Is this the Final Straw in a Parental Alienation Case?
Recently, I read a Facebook post of a mom whose child was alienated from her, and she was ready to give up. Dad had been alienating her daughter from her for years. The alienation had reached the point that her daughter had refused to visit her for nearly two years, and texting had been a one-way street with mom reaching out and daughter ignoring the texts or only responding with hatred.
Mom had been convinced that love conquers all, and if mom would continue to be loving and patient, her daughter would eventually see the light and come around. Then mom learned from a friend that her daughter had received the main part at her school’s performance. Of course, neither her daughter nor her ex-husband notified her even though they shared joint legal custody!
Mom decided that she wanted to attend the school event. She bought flowers, sat in the back row, and with tears in her eyes watched the performance. Afterwards, she wanted to quickly give her daughter the flowers and leave to avoid a scene. Her daughter stormed off stage, screamed at her mother (and for all to hear): “I hate you; you ruined my life and my performance. I never ever want to see you again!”. Dad just stood there watching it, letting this awful scene unfold, and finally jumped in only to agree with their daughter that mom was not invited and had no right to be there. Mom announced in her post that she was going to give up contact with her daughter.
Should mom give up on a relationship with her daughter or could an attorney fix this situation? This is a common question that clients ask me quite often and it’s an important consideration before litigating a situation involving parental alienation.
As painful as these discussions are, our attorneys start the conversation with determining the client’s goals and the feasibility of those goals. Some of the considerations that our attorneys discuss with the client are:
Duration of the conflict: If a parent has not been in contact with his or her child for many years, the reunification process will take longer, become more arduous and provides additional opportunities for the alienator to thwart the process of reunification. This usually translates into an increased cost of litigation.
Cost of experts: To properly litigate a parental alienation case and to successfully reunite with an alienated child, you will likely need the assistance of one or more experts. Clients are often ready to pay for the attorney fees, but do not realize the additional cost of expert fees.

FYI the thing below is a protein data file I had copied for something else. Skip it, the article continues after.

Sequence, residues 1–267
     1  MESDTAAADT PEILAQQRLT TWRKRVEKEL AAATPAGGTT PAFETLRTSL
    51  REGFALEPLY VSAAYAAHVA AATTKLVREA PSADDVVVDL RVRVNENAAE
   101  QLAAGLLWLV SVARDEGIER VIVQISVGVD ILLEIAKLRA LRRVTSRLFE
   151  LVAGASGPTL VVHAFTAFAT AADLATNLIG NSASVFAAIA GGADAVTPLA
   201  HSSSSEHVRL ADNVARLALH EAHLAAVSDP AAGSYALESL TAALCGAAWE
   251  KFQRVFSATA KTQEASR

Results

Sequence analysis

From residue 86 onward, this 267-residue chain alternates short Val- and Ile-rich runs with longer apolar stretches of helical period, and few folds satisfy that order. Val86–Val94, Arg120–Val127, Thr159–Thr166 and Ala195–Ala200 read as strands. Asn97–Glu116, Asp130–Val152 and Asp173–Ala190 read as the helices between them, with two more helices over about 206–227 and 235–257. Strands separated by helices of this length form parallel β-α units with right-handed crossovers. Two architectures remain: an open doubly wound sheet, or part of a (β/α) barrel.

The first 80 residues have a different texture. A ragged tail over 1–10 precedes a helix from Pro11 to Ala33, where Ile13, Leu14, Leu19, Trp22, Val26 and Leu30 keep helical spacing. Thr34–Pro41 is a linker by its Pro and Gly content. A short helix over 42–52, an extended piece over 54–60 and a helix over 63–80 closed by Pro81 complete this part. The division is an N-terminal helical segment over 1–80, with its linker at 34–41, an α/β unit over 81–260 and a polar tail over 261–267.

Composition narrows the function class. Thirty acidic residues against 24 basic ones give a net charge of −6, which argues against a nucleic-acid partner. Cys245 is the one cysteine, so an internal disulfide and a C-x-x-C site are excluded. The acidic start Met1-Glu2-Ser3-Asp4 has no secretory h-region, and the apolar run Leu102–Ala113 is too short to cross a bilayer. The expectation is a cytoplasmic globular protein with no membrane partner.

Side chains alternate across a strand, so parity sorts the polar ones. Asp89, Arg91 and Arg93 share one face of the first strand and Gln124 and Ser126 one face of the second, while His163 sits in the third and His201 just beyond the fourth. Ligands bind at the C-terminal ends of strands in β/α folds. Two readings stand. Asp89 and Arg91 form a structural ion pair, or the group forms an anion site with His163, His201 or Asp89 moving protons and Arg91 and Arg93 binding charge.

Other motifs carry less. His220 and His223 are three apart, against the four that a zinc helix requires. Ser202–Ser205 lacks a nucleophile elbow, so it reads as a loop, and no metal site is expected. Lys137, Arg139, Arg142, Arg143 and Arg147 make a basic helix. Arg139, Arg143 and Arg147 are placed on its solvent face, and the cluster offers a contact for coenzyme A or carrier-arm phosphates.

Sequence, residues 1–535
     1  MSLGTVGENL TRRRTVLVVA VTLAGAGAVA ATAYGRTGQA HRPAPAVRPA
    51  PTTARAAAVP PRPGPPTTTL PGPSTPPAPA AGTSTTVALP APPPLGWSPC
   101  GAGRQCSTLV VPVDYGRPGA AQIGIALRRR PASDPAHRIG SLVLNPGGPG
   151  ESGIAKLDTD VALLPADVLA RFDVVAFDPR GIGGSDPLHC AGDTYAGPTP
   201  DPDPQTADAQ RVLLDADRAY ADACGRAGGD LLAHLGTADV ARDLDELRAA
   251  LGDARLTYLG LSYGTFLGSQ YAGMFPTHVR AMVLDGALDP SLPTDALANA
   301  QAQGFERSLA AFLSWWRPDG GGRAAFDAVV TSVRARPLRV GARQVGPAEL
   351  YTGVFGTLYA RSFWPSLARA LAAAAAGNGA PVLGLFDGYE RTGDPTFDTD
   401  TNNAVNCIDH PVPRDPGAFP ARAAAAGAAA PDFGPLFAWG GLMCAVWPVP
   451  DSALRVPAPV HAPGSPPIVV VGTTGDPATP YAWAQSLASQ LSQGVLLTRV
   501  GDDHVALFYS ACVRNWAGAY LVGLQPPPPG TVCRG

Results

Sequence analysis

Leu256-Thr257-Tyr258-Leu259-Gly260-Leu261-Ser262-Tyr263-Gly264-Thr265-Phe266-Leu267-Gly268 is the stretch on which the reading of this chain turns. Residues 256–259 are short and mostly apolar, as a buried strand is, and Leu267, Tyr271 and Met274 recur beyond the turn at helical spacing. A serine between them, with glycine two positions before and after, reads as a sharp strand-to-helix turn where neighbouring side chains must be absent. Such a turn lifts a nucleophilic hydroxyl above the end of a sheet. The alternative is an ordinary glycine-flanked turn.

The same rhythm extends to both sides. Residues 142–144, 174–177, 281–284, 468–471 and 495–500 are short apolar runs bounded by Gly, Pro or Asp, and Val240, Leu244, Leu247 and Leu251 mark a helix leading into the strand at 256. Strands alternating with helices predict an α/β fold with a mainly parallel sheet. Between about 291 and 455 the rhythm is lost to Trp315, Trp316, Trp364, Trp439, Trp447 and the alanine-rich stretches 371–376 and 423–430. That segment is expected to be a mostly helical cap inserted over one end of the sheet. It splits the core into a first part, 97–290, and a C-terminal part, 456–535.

Age of the child: When a child is 17 years old, the court will have jurisdiction, the ability to order what parents must do, for one more year. One of the questions that we will discuss with our client is what we can accomplish in twelve months. Of course, our client wants to have a relationship with his or her child throughout adulthood, but our approach to litigation will be different than if the child is in elementary school.
Client’s ability to finance the cost of litigation: the cost of a custody trial after an extended period of no contact versus a simple motion to order counseling is significantly different. One subject that we always discuss is our client’s end goal and ability to financially reach that goal. Don’t start a battle unless you can win the war.
When and how to give up: Sometimes a client wants to give up and we understand. If the client has other children, a parent must weigh the emotional and financial toll this litigation causes to the remaining family members. Will the damage to the family outweigh the benefit? Sometimes it no longer will. After consulting with the reunification expert, your attorney, and family members, a parent may decide to stop the litigation. Some parents write a letter telling their child that they always welcome a relationship; some parents write their ex a letter to eliminate an argument that they “didn’t care to see their child”. Talk to your attorney about the consequences of giving up. Lastly, notifying the child that you will stop the litigation is best accomplished with the support of a counselor and in the presence of a counselor, allowing the child to properly understand that the alienator isn’t winning; rather, this is an act of love by the targeted parent.
When and how to change custody: When the alienator will not cooperate with reunification, counseling and normalization of contact, the targeted parent may be left with no choice but to seek a change of custody. There are still important considerations before starting this process. Parenting the alienated child will be difficult for some time; it will take a significant amount of time to prepare for trial, attend trial, and to attend counseling following the change of custody. Life will likely be difficult for an extended period. We’ve seen parents winning a custody case, and then giving up after the change of custody.
Each of these considerations is painful, in addition to an already very heartbreaking situation. However, the first step in this process is not that difficult. Call our office at 616-285-0808 for a free consultation and let’s explore together what your options are.